As it turned out, my husband and I did the next best thing. We live in a ‘burb of Toronto the Good (a sarcastic moniker nowadays; once called “Good” because of so-called Victorian high moral standards in the 1800s. Also called Hogtown but that’s another story. And oh yes, a hint that hip hop star, Drake, had renamed TO ‘the 6’ a couple of years ago. But I digress.)
On occasion, from our home an hour away, we drive or hop on the GO (Government of Ontario) commuter train. Which we did every day for one week recently.
Each morning, aboard the 6:20 a.m. train, I people-watched. There was the blonde woman, hair pulled back in a pony-tail, mid-30s, rings on each finger. (But no bells on her toes…couldn’t resist that...). Her heavy eyes stared into space, flickered momentarily, then closed, her head bouncing on her chest. Instantly asleep. Beside her, a sharply-dressed middle-aged Suit lowered his face for a mere second, nodded off immediately.
Looking around the commuter coach, the same scene was replayed but with different characters. Some commuters used earphones, inhaling relaxation music, I imagine, or perhaps listening to business-related data, hoping to absorb a fraction of info before falling asleep.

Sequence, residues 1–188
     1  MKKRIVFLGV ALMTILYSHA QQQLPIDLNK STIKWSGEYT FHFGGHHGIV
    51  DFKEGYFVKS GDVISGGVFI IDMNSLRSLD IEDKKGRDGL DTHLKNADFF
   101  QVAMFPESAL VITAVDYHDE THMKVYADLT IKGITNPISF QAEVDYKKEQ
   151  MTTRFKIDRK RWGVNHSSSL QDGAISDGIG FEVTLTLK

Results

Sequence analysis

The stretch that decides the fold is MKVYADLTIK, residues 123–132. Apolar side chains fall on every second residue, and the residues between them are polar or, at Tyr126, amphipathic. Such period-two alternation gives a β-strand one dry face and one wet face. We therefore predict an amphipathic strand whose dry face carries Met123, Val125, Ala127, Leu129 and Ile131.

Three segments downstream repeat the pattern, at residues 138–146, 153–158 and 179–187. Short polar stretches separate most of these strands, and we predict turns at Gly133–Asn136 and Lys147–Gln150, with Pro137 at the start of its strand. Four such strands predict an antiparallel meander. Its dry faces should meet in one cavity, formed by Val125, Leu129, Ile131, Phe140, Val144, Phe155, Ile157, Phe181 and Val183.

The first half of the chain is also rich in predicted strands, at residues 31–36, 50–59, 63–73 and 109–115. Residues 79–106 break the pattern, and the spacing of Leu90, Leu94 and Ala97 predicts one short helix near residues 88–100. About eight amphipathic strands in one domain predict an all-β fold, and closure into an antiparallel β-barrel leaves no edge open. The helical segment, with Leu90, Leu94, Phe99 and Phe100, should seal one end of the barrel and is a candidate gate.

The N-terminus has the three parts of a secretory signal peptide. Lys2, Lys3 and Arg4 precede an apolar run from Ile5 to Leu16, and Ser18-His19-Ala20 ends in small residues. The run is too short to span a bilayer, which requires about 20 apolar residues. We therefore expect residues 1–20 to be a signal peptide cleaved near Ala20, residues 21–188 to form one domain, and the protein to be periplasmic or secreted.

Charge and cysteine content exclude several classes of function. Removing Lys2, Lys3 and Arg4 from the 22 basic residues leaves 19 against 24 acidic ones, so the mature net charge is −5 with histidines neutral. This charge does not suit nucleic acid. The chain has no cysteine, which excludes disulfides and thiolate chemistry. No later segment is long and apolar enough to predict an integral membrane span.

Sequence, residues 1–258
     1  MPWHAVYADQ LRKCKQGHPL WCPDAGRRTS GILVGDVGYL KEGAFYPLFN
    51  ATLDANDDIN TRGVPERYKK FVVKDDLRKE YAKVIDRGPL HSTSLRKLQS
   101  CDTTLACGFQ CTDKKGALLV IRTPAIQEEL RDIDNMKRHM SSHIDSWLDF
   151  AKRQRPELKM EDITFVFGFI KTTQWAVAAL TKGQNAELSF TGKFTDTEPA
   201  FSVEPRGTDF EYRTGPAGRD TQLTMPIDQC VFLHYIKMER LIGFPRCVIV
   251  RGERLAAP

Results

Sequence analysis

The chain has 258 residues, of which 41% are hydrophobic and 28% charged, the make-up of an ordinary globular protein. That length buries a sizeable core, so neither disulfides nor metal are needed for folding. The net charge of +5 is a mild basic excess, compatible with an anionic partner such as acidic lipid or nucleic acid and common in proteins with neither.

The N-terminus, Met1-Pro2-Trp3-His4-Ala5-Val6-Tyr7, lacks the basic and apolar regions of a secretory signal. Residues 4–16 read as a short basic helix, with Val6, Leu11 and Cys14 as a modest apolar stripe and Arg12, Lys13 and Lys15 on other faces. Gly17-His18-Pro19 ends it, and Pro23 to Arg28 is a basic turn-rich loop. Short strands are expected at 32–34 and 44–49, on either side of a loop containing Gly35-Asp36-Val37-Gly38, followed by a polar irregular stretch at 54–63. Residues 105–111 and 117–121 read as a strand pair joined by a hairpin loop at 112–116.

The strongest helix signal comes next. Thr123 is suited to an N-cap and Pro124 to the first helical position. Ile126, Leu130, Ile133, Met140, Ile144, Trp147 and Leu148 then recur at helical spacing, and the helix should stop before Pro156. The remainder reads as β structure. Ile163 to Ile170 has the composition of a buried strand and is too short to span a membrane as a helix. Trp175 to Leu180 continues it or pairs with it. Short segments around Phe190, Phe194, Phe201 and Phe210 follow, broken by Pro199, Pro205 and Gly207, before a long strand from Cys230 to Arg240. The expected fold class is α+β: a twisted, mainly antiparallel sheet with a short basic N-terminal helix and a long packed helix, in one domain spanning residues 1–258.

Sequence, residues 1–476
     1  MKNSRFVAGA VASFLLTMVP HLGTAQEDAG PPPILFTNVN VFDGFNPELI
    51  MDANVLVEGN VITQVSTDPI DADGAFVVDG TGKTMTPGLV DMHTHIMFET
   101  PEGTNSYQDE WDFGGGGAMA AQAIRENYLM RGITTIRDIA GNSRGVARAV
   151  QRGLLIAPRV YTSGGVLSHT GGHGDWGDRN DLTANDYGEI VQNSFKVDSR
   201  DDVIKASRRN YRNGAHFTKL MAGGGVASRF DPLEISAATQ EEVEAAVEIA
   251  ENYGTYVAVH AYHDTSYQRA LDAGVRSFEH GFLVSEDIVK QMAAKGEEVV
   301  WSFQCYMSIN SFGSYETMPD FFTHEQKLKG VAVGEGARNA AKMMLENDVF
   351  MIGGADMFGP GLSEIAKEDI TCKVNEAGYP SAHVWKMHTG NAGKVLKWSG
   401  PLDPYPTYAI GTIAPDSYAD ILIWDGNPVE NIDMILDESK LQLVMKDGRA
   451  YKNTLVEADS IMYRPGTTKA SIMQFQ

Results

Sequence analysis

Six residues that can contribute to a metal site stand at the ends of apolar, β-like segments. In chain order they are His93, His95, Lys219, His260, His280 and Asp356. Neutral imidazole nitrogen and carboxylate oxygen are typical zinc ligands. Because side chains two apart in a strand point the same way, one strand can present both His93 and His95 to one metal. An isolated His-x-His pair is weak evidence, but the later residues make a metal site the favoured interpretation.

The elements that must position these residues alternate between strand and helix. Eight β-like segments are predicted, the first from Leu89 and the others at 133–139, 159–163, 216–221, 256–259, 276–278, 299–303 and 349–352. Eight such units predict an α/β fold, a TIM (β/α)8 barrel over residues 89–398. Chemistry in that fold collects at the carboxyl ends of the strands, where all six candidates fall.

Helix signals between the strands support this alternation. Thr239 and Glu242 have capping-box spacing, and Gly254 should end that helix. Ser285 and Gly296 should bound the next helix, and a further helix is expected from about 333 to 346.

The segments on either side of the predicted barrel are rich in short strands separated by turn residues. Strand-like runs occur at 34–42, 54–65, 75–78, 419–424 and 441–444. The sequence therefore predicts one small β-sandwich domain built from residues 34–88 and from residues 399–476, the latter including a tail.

Study after study reveals the unhealthiest part of your work day is your commute, whether sandwiched in public transport---or sandwiched in traffic in a car---on the way to your job. Long commutes (60 minutes) affect your mental and physical wellbeing. Researchers point to rising blood sugar and cholesterol levels, an increase in stress, anxiety and depression. Plus your waistline adds inches. Presumably because of snacking more. Usually on unhealthy food.
And if you actually find a seat on a crowded subway, you may find a standing male’s pant zipper or a woman’s heaving breasts stuck inches from your face. And how unjust being forced to contend with the sitting-next-to-you stranger who emits an odour most foul! Or you could be squished like a sandwich while standing---physically closer than you’ve been with your partner for ages---no support needed--- on an overly-crowded bus.
Seems the first delightful discovery is living simply. Slower pace of life. Less pollution generally. Friendlier folks. Walking to the market. Stopping to smell the roses. Having once lived in an Ontario town, population 5,000, I got it.
So maybe I could have been one of those zoned-out zombies trying to keep constant deadlines, eating on the run, chronically tired, depressed, edging towards insanity. But by some good luck, I’m not.
My mother’s advice was sound: better be careful what you wish for.